When Acidity Reigns

When Acidity Reigns

Posted by Connor Kennedy on August 15 2022 6:52pm

As I like to say, funk is a spectrum. Where you lie depends on both the sort of wines you’ve drunk before and your own personal taste. Some seek to stretch their limits, partaking in an endless search for wilder and wilder bottles. Others, perhaps someone who is new to amber wine, might call anything with its distinctive texture or tannic structure “funky”. I firmly believe that no one is objectively right or wrong in these situations, but that these terms are relative and contingent on the individual. I’ve had enough wines that taste like dill, for example, that I’m starting to think it’s quite normal. But I happen to know my grandmother doesn’t think so. My palate was tested this week when I drank 2Naturkinder’s 2018 Landwein Weinschwärmer, a blend of Grauburgunder and Riesling. This wine had rip-roaring acidity, which only turned wildly once it sat open. There’s no doubt this is a living wine, in more ways than one.

2Naturkinder is a project created by both Melanie Drese and Michael Völker, who inherited a family winery that dates back to 1843. It resides in the northern part of Bavaria along the Main river in the southeastern part of Germany. Like many others, Melanie and Michal got exposed to unique natural wines while traveling to major international cities early in their careers. They fell in love, and knew they were going to have to shift from the conventional wine that Michael’s parent’s winery was known for producing. Since 2012 they’ve switched their vineyards to organic farming, and now follow the zero-zero philosophy, leaving their wines unfined and unfiltered and without added sulfites for all but one of their cuvees. They’ve got a deep respect for all elements of the micro and macro-ecosystem with both their winery and vineyards, with much of it being paid homage on the labels of their bottles. The 2018 Weinschwärmer, for example, features the Weinschwärmer moth, otherwise known as the elephant hawk moth. It certainly did not elude Malnie or Michael that the stunningly colored moth carries the German word for wine in its name.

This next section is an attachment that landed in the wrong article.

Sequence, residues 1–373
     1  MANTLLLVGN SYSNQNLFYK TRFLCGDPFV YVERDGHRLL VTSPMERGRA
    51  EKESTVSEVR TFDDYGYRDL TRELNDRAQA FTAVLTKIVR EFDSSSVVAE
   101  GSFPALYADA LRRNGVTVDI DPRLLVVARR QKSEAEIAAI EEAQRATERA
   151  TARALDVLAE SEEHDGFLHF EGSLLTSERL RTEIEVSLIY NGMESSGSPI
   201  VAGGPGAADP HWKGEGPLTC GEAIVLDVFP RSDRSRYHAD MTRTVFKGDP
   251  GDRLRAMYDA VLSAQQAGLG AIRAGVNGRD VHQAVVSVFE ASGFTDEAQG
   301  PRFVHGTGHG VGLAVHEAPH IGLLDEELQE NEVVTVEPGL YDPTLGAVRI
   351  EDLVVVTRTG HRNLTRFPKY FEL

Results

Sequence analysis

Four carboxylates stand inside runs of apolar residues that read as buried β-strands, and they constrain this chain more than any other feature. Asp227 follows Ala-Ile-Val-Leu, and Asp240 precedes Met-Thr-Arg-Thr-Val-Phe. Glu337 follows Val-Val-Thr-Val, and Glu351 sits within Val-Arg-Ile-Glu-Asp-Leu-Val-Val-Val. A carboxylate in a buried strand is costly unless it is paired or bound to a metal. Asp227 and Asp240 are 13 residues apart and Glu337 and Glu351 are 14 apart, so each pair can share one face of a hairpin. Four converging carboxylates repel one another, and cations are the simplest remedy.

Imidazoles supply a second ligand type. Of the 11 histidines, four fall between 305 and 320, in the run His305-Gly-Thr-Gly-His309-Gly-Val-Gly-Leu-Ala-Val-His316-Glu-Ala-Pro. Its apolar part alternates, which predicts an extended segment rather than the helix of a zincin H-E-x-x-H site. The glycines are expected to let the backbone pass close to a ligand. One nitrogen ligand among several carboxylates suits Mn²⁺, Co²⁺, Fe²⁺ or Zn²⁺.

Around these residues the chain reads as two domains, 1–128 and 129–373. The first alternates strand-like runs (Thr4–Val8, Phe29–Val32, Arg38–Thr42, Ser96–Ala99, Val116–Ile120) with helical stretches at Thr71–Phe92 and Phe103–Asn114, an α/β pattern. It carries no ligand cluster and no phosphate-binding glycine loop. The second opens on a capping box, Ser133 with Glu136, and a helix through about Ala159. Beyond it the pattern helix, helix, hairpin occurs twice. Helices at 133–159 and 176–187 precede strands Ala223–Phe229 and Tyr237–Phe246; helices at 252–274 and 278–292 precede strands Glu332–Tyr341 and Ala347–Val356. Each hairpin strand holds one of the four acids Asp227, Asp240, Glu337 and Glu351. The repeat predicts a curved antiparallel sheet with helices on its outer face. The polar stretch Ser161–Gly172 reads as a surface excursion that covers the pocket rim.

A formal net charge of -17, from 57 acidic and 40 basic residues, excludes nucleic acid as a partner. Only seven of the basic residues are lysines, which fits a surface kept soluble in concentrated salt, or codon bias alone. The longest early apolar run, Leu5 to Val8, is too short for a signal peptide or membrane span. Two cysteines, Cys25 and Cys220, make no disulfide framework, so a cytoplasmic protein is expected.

A weinschwärmer moth, or elephant hawk moth, which are common across Central Europe. Source: wikipedia.org

Every wine changes once it’s exposed to oxygen. Certain natural wines, however, can be particularly dynamic, evolving in unpredictable directions even just an hour after opening. Such is the case with 2Naturkinder’s Weinschwärmer, a blend of 75% Grauburgunder, or Pinot Gris, and 25% Riesling. Acidity is the name of the game here, lended by both grapes but likely sharpened by the Riesling grapes. The nose gave away its botanical and black tea driven profile, with hints of white flowers sitting behind. The palate concurred, reminding me and my friend of some Georgian amber wines, if they had some of that distinctive Germanic acidity. There was a slight hint of smoke as well, making me think this structured and pulpy wine was likely best with food. After having this glass, I put the wine away for about 45 minutes. Upon returning, the acidity had conquered, turned volatile. It was tangy to the core, upending everything I thought the wine was. In the bottle, the wine had gone on a journey, and those of us drinking it were there to meet it at its strange end.

Living wine can mean different things to different people, but for me, it implies a dynamism that’s hard to predict or measure. To say the least, 2Naturkinder’s wine lives. For some of us, the unpredictable nature of natural wine is part of its appeal - it rejects the market-driven idea that winemakers have an obligation to deliver a consistent product to consumers year in and year out. But just as we’re more than mere consumers, wine is more than just a product. It is a craft with the laborious task to capture both time and space, vintage and terroir, harvestime and environment. Wines like 2Naturkinder’s are such snapshots, and if they can challenge someone’s palate in the meantime, all the better.